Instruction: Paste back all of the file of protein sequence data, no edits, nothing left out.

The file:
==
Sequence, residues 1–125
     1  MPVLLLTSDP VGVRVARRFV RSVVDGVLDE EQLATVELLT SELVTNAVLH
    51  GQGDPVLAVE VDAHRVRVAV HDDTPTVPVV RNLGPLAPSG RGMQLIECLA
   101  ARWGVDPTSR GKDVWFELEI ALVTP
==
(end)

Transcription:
Sequence, residues 1–125
     1  MPVLLLTSDP VGVRVARRFV RSVVDGVLDE EQLATVELLT SELVTNAVLH
    51  GQGDPVLAVE VDAHRVRVAV HDDTPTVPVV RNLGPLAPSG RGMQLIECLA
   101  ARWGVDPTSR GKDVWFELEI ALVTP